Corona also allegedly underdeclared a condominium unit in Bellagio I in Taguig City in his 2010 SALN with an acquisition cost of P6.8 million when the true acquisition cost is P14.51 million. In his SALNs from 2003 to 2009, Corona also undervalued his property at La Vista in Quezon City with an acquisition cost of P3 million when its actual is P11 million.
Corona was also charged with violation of RA 6713 for not filing true and detailed SALNs for 2003-2010 due to thee discrepancies between his declared wealth and actual bank deposits. He also failed to declare his real assets in Makati, Taguig and Quezon City.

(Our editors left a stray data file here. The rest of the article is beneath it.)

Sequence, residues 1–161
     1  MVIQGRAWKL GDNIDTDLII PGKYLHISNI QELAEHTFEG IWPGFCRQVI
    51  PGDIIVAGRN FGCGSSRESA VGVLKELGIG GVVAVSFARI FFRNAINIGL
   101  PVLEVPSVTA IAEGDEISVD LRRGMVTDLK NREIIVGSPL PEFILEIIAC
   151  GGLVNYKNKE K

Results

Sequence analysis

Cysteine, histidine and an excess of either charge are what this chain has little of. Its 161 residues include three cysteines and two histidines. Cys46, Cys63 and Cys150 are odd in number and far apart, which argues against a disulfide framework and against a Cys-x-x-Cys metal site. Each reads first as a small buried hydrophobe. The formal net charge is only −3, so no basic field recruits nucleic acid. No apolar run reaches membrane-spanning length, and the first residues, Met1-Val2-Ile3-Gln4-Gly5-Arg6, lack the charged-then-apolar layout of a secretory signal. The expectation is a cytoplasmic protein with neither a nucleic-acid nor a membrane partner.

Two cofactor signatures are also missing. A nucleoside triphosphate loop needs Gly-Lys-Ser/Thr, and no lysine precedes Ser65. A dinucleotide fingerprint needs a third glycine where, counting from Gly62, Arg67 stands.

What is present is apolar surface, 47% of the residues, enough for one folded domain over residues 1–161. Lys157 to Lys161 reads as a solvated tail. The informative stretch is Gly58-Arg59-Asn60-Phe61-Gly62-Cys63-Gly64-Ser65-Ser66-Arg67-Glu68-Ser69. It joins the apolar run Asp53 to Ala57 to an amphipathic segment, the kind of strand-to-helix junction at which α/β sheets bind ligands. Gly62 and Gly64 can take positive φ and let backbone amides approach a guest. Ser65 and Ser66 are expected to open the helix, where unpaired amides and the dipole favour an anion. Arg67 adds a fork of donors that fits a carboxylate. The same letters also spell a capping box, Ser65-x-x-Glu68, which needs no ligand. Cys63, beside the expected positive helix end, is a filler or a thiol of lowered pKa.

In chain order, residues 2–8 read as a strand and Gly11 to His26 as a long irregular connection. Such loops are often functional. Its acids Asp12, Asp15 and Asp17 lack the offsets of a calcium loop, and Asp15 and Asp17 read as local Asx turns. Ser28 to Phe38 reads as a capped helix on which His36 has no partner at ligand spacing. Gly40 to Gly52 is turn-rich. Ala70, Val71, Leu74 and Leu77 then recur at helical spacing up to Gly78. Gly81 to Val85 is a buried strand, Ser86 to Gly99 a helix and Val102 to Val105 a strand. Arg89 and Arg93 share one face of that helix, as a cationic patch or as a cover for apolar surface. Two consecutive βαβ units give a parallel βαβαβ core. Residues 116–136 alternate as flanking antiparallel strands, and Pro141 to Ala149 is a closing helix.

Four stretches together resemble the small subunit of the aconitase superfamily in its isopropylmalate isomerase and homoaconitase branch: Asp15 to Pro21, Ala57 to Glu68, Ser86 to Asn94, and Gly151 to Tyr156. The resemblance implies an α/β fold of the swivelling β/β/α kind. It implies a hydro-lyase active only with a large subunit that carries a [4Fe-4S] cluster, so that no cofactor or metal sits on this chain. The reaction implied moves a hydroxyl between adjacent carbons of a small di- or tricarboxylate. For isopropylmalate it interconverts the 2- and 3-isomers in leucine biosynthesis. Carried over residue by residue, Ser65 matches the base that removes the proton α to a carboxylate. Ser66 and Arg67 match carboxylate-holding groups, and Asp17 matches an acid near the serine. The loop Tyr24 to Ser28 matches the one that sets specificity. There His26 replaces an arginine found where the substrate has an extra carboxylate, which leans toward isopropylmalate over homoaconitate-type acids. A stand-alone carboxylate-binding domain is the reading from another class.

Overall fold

According to his dissenting opinion, Corona should not be charged for the crime, citing the lack of legal basis and authority for the Ombudsman to file the charges.
For one, Martires said the Ombudsman did not grant to Corona the protection of RA 6713 which states that a review committee in the concerned agency should screen the SALN and determine whether the document is complete and in proper form.
Martires said the committee can also grant the public official “corrective action” regarding his or her SALN.
“This corrective remedy is an ‘exculpatory or protective clause’ which is similar to the extenuating circumstances provided under the Revised Penal Code. It is an enforceable right granted by law to a public official or employee which cannot be taken for granted, ignored, or denied irrationality without transgressing his Constitutional right to due process,” Martires said.
Martires said that, according to the records of the case, Corona was denied this protection by the Ombudsman.